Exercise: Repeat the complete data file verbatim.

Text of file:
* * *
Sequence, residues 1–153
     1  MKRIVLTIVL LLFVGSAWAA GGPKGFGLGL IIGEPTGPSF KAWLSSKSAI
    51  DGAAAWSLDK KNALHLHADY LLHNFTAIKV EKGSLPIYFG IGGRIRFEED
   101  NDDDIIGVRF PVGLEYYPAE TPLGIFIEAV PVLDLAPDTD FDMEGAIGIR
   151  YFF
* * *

Sequence, residues 1–153
     1  MKRIVLTIVL LLFVGSAWAA GGPKGFGLGL IIGEPTGPSF KAWLSSKSAI
    51  DGAAAWSLDK KNALHLHADY LLHNFTAIKV EKGSLPIYFG IGGRIRFEED
   101  NDDDIIGVRF PVGLEYYPAE TPLGIFIEAV PVLDLAPDTD FDMEGAIGIR
   151  YFF